Sports stars juggle skills, books and tools

Professional sports players often wonder where to leap after their first careers and the building and construction industry is helping them jump into life after sports and future-proof their careers.

Sam SmithThe Building and Construction Industry Training Organisation (BCITO) now offers training opportunities for professional sports players alongside their sporting careers. It gives sportspeople in New Zealand flexibility, a head start and a taste of building work before they finish sports and move into fulltime trades roles. It also helps fill the skills shortage faced by the building and construction industry. 

It's not uncommon for professional sports players to go from sports to the trades, with 29% of retired rugby players having a trade qualification – including former All Blacks Chris Jack, Richard Kahui and Luke Romano who are all qualified builders. 

BCITO allows flexibility to all sports players playing professionally at national, provincial and club levels. 

Since January this year, BCITO has expanded its offering for professional sportspeople with a new Enterprise Package. This programme offers rugby and league players at a national level the chance to work their way through building theory and undertake the practical components later or when they can. The player is supported and assessed by a BCITO training advisor, and they learn useful tools for their apprenticeship. 

“What the Enterprise Package gives these professional sportspeople is flexibility. Players can dedicate themselves to sport in the season, and pick up their apprenticeship in the other months. They don’t have to choose one or the other, and they have the trades waiting for them once they are ready to retire from playing professionally,” says BCITO Chief Executive Warwick Quinn. 

“The construction trades offer great career options for sportspeople. Building is relatively hands-on work, like sports. You can learn on the job rather than in a classroom, and you get paid while you are training, so transitioning from a sporting career to an apprenticeship reduces the financial impact.

“The level of support we provide our apprentices is similar to the level of support they receive on the field. Training advisors check in with apprentices frequently to make sure they are on track with their apprenticeship and managing to balance their sporting commitments and training.

“The industry needs thousands more apprentices coming through the pipeline to meet demand. We must look further than the usual pool of potential apprentices. Opening the doors for sports players was an obvious solution to helping us achieve this,” says Quinn. 

“Our Enterprise Package supports professional players who are committed to their sport fulltime at this stage in their life. Although rugby has been our focus this year, we are working with more sports organisations to make the Enterprise Package available to a whole raft of sports,” says BCITO Chief Executive Warwick Quinn.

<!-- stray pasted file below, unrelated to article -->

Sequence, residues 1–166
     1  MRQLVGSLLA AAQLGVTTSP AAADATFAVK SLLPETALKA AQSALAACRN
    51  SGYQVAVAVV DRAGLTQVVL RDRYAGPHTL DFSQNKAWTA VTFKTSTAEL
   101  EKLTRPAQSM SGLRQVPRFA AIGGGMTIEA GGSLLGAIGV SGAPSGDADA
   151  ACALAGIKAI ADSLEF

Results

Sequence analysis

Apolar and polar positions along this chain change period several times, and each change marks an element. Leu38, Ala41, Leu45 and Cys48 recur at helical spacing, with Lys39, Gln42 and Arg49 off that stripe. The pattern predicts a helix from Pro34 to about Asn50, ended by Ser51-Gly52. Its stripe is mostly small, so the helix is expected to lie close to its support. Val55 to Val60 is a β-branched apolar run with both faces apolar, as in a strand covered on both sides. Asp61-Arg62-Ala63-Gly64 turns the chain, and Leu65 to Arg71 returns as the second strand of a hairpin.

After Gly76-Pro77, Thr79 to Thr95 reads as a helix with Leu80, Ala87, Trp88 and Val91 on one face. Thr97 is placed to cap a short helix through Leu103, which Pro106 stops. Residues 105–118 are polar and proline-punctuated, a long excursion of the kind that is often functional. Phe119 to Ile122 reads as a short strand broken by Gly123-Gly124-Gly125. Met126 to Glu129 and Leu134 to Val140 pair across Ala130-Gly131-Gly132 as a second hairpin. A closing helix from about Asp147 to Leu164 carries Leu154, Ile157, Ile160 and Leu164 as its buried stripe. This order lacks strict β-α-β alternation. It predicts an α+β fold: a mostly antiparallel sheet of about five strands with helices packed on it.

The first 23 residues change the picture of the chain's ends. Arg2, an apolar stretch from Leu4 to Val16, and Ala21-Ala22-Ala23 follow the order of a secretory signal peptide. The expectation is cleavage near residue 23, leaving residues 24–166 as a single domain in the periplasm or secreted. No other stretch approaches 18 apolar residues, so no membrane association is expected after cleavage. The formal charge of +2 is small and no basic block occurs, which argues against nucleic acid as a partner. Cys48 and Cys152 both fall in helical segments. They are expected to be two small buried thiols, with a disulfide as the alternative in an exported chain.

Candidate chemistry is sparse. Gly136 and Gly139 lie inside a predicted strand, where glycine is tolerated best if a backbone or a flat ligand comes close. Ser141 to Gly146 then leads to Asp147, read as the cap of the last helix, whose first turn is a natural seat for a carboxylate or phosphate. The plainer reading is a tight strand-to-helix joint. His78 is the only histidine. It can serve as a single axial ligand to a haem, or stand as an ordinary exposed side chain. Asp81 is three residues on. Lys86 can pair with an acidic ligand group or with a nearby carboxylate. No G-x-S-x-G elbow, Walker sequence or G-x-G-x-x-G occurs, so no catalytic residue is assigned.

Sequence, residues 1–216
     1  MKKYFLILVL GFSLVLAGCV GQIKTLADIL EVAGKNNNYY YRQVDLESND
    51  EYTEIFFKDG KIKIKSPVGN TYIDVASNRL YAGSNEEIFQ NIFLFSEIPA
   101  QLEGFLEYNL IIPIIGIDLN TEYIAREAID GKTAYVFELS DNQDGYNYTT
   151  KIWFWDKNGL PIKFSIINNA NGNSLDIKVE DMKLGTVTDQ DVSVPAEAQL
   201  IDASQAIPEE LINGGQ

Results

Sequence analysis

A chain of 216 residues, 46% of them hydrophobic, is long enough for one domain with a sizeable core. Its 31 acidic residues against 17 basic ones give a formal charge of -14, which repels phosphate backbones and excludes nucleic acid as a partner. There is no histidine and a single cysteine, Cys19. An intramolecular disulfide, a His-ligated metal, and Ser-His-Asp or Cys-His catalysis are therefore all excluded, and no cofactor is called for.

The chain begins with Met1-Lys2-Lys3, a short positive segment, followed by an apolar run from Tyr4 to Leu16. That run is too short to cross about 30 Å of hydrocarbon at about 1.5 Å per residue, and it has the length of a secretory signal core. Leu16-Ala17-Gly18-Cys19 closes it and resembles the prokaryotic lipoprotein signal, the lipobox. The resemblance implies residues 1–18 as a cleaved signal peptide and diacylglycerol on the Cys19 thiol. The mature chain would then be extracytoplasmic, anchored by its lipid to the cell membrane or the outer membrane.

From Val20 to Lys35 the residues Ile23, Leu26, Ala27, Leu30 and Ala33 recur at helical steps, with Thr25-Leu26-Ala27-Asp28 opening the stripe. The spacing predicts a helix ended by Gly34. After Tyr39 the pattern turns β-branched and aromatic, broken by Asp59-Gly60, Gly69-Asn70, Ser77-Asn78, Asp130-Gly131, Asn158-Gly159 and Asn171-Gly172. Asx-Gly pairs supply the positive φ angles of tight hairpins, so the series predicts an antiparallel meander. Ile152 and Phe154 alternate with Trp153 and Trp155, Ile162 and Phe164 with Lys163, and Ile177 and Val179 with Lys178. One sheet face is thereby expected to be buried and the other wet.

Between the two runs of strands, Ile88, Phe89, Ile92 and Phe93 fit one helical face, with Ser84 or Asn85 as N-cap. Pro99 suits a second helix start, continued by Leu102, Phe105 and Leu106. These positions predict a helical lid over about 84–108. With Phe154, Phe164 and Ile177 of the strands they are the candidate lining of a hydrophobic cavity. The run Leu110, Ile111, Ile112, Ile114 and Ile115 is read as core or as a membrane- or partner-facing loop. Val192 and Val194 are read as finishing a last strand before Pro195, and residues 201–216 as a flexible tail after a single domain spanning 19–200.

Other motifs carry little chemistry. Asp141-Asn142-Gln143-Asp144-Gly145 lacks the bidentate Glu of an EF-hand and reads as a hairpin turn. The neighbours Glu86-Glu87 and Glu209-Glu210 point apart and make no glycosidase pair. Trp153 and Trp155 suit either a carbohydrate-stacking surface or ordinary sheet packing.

BCITO’s roll for the Enterprise Packages currently includes three New Zealand All Black Sevens players, nine Warriors and 13 Super Rugby players.

The response to BCITO’s latest initiative has been positive among potential apprentices, and their supporting associations. 
“We are getting feedback from coaches that players in an apprenticeship programme are performing better on the field – more rounded, more grounded,” says Quinn. 

Research undertaken by the New Zealand Rugby Players Association shows that rugby players who studied and/or undertook work experience during their career had a smoother retirement from sports, with 88% saying that having an education or trade is important and 42% saying qualifications helped them gain employment on retirement. 

Sam Smith is an excellent example of someone benefiting from BCITO’s apprenticeship offering. Currently trialling for the Under 20 All Blacks team, the rugby player is also two years into his carpentry apprenticeship. 

“I know I won’t be playing rugby forever, and I don’t want to finish playing professionally or suffer a career-ending injury and be at a loose end. I enjoy being on the tools and learning skills that will be useful for the future. 

“My coaches at the Wellington Academy are really supportive of my apprenticeship and encourage us to study or have a job that fits in around training.”

BCITO now has a project team dedicated to sports liaison to help grow these initiatives across New Zealand and with overseas players.  

ENDS
Further enquiries, please contact:
Kiri Shannon Acumen Republic on behalf of BCITO
T +64 21 0234 4157

More News

Young hairdresser stuns mum with switch to construction

  • 20 February 2020

Danyelle Bogue is a 22-year-old Wellington-based former hairdresser who leapt into a painting and decorating apprenticeship – and loves it.

Enthusiasm growing for a future in the trades

  • 18 February 2020

NZA Apprenticeships CEO Chris Hilson knows all about the importance of growing the next generation of skilled tradespeople and says joinery apprentice Kayla Pountley is a great example of the talent and enthusiasm available.

See all News